We’ve been willing to experiment and innovate new ways to address the problems inherent in today’s healthcare systems. We believe any discussion of healthcare policy reform must put the needs of the patients and consumers first.

Now let’s turn to our second priority which is capitalizing on convergence. This is an area where we can leverage the breadth and combination of our businesses for a unique competitive advantage. We look at convergence in three ways, the combination of products and technologies, the development of patient centric solutions and the collective power and breadth of the Johnson & Johnson enterprise.

The most conventional view of convergence is in the combination of products and technologies across the non-traditional boundaries. Drugs delivered on a stent using a reservoir technology like Nevo, medication delivered on a contact lens to treat allergic systems in the eye, or Sedasys and the fibrin pad which I mentioned earlier.

When we established our comprehensive care group last year we talked about convergence in the form of patient centric solutions that ignored product silos and looked at a patient’s continuous cycle of diagnosis, treatment and recovery. We asked what were the needs we could serve or gaps in this cycle we could fill with our products, expertise and knowledge of diseases and healthcare.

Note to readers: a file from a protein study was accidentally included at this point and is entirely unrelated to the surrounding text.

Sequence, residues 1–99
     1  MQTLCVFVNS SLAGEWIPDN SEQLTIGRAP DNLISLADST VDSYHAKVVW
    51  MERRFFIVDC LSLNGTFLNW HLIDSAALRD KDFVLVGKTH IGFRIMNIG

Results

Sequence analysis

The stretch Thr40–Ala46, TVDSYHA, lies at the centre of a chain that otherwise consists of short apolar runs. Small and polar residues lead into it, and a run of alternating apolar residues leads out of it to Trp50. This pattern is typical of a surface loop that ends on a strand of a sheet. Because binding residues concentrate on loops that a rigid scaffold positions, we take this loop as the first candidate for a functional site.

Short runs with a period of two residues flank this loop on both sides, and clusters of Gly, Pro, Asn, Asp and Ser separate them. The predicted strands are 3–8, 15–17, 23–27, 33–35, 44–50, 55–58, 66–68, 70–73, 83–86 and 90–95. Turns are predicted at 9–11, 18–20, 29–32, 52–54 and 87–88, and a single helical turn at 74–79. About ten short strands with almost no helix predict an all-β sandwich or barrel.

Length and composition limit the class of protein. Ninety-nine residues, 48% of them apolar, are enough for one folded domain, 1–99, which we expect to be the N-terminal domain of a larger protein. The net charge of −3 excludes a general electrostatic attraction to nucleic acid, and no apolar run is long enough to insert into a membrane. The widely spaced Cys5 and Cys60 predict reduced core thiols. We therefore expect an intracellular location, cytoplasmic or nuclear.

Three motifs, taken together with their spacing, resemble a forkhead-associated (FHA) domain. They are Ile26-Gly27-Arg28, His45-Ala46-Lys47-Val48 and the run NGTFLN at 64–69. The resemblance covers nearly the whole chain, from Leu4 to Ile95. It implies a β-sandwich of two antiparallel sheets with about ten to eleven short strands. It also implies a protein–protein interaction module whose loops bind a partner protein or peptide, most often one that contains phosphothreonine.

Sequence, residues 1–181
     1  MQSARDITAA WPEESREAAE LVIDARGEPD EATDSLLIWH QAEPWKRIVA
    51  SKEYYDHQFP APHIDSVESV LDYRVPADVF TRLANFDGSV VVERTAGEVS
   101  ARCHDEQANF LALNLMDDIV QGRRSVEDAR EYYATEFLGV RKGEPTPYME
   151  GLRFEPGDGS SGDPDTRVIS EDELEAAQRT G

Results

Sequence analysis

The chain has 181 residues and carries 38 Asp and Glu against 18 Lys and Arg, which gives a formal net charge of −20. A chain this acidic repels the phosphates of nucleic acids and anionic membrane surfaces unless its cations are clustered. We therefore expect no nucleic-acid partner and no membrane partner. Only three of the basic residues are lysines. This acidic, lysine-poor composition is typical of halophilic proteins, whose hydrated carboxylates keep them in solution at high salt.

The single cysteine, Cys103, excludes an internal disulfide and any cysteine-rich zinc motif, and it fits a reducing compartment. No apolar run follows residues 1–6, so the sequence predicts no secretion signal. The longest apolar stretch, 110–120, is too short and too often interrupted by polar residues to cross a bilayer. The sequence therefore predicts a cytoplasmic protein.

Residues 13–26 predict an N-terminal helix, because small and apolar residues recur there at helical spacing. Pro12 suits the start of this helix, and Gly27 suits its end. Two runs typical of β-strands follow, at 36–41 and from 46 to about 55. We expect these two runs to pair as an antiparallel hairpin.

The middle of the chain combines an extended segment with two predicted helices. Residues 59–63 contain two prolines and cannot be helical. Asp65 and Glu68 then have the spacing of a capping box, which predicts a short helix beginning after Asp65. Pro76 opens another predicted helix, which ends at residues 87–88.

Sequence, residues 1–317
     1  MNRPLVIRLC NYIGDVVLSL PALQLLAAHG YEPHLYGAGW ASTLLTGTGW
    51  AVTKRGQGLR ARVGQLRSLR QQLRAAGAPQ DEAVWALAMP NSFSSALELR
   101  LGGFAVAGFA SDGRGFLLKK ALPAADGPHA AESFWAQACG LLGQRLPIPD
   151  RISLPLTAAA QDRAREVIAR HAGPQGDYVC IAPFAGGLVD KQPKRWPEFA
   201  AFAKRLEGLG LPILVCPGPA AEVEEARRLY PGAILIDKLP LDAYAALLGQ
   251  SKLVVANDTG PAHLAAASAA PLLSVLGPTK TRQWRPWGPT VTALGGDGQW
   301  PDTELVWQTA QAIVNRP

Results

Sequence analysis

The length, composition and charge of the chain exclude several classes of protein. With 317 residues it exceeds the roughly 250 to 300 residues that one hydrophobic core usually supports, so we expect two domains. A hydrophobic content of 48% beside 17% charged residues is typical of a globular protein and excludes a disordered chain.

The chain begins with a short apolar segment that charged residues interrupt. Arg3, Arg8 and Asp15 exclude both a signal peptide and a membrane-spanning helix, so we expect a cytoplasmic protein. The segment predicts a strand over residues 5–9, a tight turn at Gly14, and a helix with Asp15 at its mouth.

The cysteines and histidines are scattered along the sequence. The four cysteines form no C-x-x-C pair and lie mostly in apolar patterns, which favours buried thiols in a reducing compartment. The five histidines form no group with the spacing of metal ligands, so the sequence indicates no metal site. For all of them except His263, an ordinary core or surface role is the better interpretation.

Let me give you just one example in this area. Last year we mentioned the role that ortho clinical diagnostics is playing in convergence as it works with our other businesses on the use of companion diagnostics in areas like oncology, metabolics and cardiovascular disease. By identifying mile markers and patients who will benefit most from cancer drug or by targeting early indications that occur before the first signs of heart failure we are uniquely positioned to assist patients from the moment of diagnosis through monitoring and on to therapeutic intervention or treatment with our full range of products.

Finally, we look at convergence in the way we leverage the power of our enterprise across business segments for unique insights and solutions. Our launch of Zyrtec was a powerful example of how we used experience and knowledge in both our pharmaceuticals and consumer businesses to help with the largest prescription to over the counter switch in our history. It was sighted in the tan sheet as a model for any OTC switch.